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Porcupines are rodents best known for their coat of sharp spines, or quills, that defend them from predators. They are the fourth largest rodent, after the capybara, mara, and beaver. The name "porcupine" comes from combining the Latin for pig and French for spine, hence the nickname "quill pig" for the animal.

 


 


This file is licensed under the Creative Commons Attribution ShareAlike 2.5 LicenseWeights and Measures: Most porcupines are about 60-90 cm (25-36 inches) long, with a 20-25 cm (8-10 inch) long tail. Weighing between 5-16 kg (12-35 pounds), they are rounded, large and slow. Porcupines come in various shades of brown, gray, and the unusual white.

The Quill is Mightier than the Sword: The porcupine's chief defense is its quills, sharp spines distributed across the rodent's back, sides, legs, tail and head. They may be as dense as 150 per square inch, giving one animal as many as 30,000 quills. Contrary to popular belief, porcupines do not shoot out their quills; unfortunate victims approach closely enough to be swatted by the tail or brush against the animal. Like the related ordinary hairs, porcupine quills grow back when they come out.

In Self-defense: When threatened, a porcupine will raise its quills. This is the piloerection reflex, the same as the goose bump reflex in humans. A porcupine can defend itself by hiding its bare face from an attacker and keeping its bare belly to the ground. It may swat its tail at an assailant. The quills are not poisoned, but animals may die from a porcupine encounter if the quills prevent eating. Porcupines often fall on their own quills. Likely as an evolutionary result, the quills possess mild antibiotic properties.

Moving Quills: Quills are sharp-pointed, fitted with microscopic barbs, and expand on contact with warm flesh. Muscle contractions in a quill victim work the quill deeper, as much as 2 cm per day unless the quills are removed promptly.


Where in the World? Porcupines occupy a wide range of habitats in tropical and temperate parts of Asia, Italy, Africa and the Americas. Porcupines live in forests, deserts and grasslands. Some live in trees, others stay on the ground.

Salt Seekers: Porcupines in search of salt sometimes encroach on areas inhabited by people and eat tool handles, clothes and many other items that have been coated in salty sweat.

Poor porcupines: In parts of Africa, porcupines are eaten as a form of bush meat. Porcupine meat is also appreciated in some regions of Italy and Vietnam.

Twenty-three's a Crowd: A porcupine is any of 23 species of rodent belonging to the families Erethizontidae and Hystricidae. All defend themselves with sharp spines (which are actually modified hairs) rather like those of the hedgehogs, which are part of the order Insectivora and more closely related to shrews and moles than they are to the rodents, and the echidnas, which as monotremes are very distantly related indeed.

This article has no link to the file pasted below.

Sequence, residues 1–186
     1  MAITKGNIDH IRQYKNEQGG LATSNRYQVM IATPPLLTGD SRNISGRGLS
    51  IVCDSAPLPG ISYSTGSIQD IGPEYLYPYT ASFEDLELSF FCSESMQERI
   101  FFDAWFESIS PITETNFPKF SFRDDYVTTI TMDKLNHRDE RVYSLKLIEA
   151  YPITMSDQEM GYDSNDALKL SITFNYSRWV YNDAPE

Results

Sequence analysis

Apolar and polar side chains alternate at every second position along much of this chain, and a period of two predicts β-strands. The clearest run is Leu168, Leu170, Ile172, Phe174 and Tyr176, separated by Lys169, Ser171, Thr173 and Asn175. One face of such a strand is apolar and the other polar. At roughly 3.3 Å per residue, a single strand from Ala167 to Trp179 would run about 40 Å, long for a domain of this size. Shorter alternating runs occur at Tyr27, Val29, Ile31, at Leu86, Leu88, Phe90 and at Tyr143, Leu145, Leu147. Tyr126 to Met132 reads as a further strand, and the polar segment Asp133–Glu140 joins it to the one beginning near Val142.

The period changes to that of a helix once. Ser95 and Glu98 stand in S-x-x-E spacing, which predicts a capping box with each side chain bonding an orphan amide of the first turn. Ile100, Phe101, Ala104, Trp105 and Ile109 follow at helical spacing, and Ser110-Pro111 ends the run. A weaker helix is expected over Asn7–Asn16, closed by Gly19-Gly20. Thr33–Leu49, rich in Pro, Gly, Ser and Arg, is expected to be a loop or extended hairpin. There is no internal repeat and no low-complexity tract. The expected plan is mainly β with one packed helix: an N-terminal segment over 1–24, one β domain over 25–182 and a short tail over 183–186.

Sizes and Scales: Porcupines vary in size considerably: Rothschild's Porcupine of South America weighs less than a kilogram; the African Porcupine can grow to well over 20 kg.

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North American Porcupine (Erethizon dorsatum),

Second largest: The North American porcupine (Erethizon dorsatum), also known as Canadian Porcupine, is a large rodent in the New World porcupine family. The Beaver is the only other rodent larger than the North American Porcupine found in North America.

Habitat: This animal is usually found in coniferous and mixed forested areas in Canada, Alaska and much of the northern and western United States. They are also found in thicketed areas in shrublands, tundra and deserts as far south as northern Mexico. It makes its den in a hole in a trees or in a rocky area.

Description: Porcupines are usually dark brown in color. They have a chunky body, a small face, short legs and a short thick tail. Their upperparts are covered with thousands of sharp, barbed hollow spines or quills which are used for defense. The quills cannot be thrown, but detach easily and are difficult to remove once lodged in an attacker. The quills are normally flattened against to the body unless the animal is disturbed. The porcupine also swings its quilled tail towards the perceived threat.

Diet: The common porcupine is a herbivore. It eats leaves, herbs,berries, twigs and green plants like clover and in the winter they mainly eat conifer needles and tree bark. The North American porcupine often climbs trees to find food. The African porcupine is not a climber and forages on the ground. It is mostly nocturnal, but will sometimes forage for food in the day. These animals are mainly active at night; on summer days, they often rest in trees. In the winter, they mainly eat conifer needles and tree bark. They do not hibernate but do not travel far from their den in winter.